¶ 20 Father completed a domestic violence inventory in June of 2011. He was required by the September 2011 ISP to participate in domestic violence counseling. As a result of Father's 2010 conviction for domestic assault and battery (he pleaded no contest), he was sentenced to complete a 52–week domestic violence counseling program. The child welfare specialist testified that even though the law permits a motion to terminate if a parent has not corrected the conditions (that led to the deprived adjudication) within 90 days, the practice of DHS is to allow parents a full year before recommending termination. At the time of trial, Father had attended only four sessions of his 52–week domestic violence counseling program.
¶ 21 Failure to comply with an ISP is not, in itself, grounds for termination of parental rights, but noncompliance with the plan may be considered as evidence that parental rights should be terminated because the parent has been unable to correct conditions leading to the child's deprived status. Matter of L.S., 2013 OK CIV APP 21, ¶ 14, 298 P.3d 544, 549. The Court of Civil Appeals in Matter of L.S. stated:
[The father's] inability to comply with the terms of the ISP and follow often simple directives that were repeated at each visitation was especially concerning, particularly in light of the fact that being a single father to a toddler would be much more difficult than complying with the ISP itself. Compliance with the ISP was a chance for Father to demonstrate he had met a standard of conduct expected of him in order to correct the conditions leading to the deprived adjudication and be in a position to responsibly parent L.S. In re S.A., 2007 OK CIV APP 97, ¶ 12, 169 P.3d 730, 735. The State proved by clear and convincing evidence that Father was unable to meet this level of parental competence and the jury agreed. In re State of Oklahoma In the Interest of K.P., 2012 OK CIV APP 32, ¶ 22, 275 P.3d 161, 166–67 (failure to comply with the ISP service plan, in itself, is not grounds for termination of parental rights, but noncompliance with the plan may be considered as evidence that parental rights should be terminated, because the parent has been unable to correct conditions leading to the child's deprived status).
¶ 22 In the present case, Father did not complete the ISP requirements which would have demonstrated he had met a standard of conduct expected of him in order to correct the condition relating to domestic violence. Mother attended seven classes on her own terms-after delaying more than a year and then purposefully hiding material facts directly relating to her domestic abuse history. The jury could reasonably have concluded her dishonesty resulted in avoidance of necessary treatment. We hold that noncompliance with the ISP is evidence Father and Mother did not correct the condition of not engaging in domestic violence in the home. Matter of L.S., 2013 OK CIV APP 21, ¶ 14, 298 P.3d at 549. The order terminating Father and Mother's parental rights based upon failure to correct the condition of domestic violence is supported by clear and convincing evidence.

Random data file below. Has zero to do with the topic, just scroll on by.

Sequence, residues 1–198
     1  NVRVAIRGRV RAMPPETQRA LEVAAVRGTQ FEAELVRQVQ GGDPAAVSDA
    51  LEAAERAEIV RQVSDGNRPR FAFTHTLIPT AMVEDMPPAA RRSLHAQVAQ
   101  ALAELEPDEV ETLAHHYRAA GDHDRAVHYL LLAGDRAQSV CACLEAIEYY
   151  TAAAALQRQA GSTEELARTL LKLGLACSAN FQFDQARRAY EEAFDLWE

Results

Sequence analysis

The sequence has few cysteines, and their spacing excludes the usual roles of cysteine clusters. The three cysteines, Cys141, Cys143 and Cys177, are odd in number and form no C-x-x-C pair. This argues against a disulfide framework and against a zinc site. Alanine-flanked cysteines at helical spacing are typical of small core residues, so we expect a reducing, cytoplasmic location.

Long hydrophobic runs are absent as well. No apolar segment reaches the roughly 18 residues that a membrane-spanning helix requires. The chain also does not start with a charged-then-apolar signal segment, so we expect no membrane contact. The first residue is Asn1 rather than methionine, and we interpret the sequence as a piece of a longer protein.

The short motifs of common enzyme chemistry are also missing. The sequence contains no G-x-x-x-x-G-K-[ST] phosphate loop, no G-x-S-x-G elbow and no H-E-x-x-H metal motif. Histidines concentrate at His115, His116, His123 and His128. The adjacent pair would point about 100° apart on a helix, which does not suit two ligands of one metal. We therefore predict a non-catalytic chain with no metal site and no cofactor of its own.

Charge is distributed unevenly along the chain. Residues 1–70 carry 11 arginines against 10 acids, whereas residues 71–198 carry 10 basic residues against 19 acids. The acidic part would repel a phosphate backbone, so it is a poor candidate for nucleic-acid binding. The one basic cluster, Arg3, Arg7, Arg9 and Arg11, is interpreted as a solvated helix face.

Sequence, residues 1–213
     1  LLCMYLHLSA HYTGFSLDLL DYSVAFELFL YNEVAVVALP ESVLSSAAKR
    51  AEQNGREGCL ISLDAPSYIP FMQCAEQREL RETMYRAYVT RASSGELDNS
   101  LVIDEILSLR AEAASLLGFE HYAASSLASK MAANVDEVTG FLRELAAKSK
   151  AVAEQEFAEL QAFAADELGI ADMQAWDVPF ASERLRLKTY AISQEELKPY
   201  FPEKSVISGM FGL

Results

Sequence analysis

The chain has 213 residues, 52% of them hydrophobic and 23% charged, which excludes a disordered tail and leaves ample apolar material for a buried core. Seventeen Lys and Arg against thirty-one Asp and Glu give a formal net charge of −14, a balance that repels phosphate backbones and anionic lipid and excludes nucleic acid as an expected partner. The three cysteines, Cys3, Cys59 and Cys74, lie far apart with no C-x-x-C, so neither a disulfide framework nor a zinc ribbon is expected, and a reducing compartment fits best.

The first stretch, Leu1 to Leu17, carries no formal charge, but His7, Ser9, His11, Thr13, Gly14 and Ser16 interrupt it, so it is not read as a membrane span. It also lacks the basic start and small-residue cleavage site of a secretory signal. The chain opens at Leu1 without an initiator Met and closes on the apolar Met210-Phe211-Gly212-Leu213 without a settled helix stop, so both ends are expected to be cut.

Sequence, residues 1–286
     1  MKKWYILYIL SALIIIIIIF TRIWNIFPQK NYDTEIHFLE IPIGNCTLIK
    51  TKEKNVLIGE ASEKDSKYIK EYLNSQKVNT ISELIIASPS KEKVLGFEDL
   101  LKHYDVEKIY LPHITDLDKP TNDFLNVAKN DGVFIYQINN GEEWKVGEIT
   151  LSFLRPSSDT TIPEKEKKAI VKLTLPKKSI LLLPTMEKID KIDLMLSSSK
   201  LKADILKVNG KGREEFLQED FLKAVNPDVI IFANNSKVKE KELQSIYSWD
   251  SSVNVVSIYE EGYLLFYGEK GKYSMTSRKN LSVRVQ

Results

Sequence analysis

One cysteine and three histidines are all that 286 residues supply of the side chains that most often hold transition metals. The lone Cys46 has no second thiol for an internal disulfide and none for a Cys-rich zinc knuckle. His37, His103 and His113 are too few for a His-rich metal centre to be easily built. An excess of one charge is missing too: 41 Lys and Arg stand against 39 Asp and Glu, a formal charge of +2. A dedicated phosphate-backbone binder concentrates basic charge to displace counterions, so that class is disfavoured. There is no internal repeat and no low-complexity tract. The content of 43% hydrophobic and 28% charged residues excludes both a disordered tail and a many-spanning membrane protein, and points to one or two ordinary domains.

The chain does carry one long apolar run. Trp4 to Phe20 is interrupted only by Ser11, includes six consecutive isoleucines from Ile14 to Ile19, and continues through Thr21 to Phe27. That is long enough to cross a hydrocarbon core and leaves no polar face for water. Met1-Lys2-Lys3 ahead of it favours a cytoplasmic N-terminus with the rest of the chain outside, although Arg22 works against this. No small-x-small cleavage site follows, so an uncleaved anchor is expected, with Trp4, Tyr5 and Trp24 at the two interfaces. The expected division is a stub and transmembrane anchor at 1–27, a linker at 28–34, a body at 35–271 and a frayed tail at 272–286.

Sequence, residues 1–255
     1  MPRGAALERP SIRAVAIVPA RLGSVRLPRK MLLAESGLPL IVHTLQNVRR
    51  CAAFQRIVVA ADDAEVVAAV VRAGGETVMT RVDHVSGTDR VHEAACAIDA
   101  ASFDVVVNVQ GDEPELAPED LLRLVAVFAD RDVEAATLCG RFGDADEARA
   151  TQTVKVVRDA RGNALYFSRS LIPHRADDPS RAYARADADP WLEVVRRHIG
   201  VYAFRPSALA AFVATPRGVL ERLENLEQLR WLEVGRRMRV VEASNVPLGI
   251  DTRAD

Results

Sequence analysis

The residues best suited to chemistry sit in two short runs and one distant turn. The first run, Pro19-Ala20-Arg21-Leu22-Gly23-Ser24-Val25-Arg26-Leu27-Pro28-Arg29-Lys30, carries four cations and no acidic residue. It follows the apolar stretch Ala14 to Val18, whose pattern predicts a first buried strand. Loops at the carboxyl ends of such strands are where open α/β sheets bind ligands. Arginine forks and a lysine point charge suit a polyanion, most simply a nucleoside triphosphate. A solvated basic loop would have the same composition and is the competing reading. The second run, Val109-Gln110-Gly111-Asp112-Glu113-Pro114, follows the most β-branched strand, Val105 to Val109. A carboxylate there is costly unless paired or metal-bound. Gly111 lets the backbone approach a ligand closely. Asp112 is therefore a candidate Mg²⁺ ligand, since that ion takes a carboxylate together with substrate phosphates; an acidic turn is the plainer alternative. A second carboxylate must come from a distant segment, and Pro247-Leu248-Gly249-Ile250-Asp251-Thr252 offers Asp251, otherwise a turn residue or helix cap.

¶ 23 Mother argues the State's only evidence relating to substance abuse was that she took legally prescribed medications. Father testified Mother was bipolar; however, until trial, neither the trial court nor DHS had ever been informed that Mother had this affliction. By the time of trial, Mother presented prescriptions for the drugs Xanax, an anti-anxiety drug, and Lortab, an opiate, but there was no evidence of any physician's records describing an affliction requiring those drugs. During the time Parents were working on the ISP, Mother frequently tested positive for these prescription drugs.
¶ 24 In order to correct the condition of substance abuse, the ISP required Mother to attend drug and alcohol education groups. She submitted to drug assessments that totaled five hours. She had a treatment session for fifteen minutes in October of 2011, a 45–minute individual counseling session in November, and two separate 90–minute group sessions in December. In January of 2012 she had a 30–minute session and a 60–minute session a few weeks later. She stopped attending sessions after losing her job in January of 2012 and did not complete the treatment program. Father does not contend he corrected the condition of substance abuse.
¶ 25 Because Mother did not complete her treatment program after being given more than one year to do so, and Father does not take issue with the findings of the jury, we hold the order terminating Father and Mother's parental rights based upon failure to correct the condition of substance abuse is supported by clear and convincing evidence.
Inappropriate Care Givers
¶ 26 Regarding exposure to inappropriate care givers, Mother points out that before the Children were adjudicated deprived, Father was assaulted by his brother, Tanner Schepp, who had threatened to kill Father's family. Father obtained a protective order against him after Children were removed from the home. She claims there is no evidence Children have been exposed to inappropriate care givers since they were removed from the home.
¶ 27 Of course, because Children have been in the physical custody of a foster parent since their removal, Parents have not had an opportunity to expose them further to inappropriate care givers. However, because Parents previously had exposed Children to several inappropriate care givers with criminal records who also had their own children removed from their custody, the ISP required them to complete parenting classes, as well as the substance abuse and domestic violence classes to demonstrate a standard of conduct expected of them in order to correct the conditions leading to the deprived adjudication and be in a position to responsibly parent their Children. See Matter of L.S., 2013 OK CIV APP 21, ¶ 14, 298 P.3d 544, 549.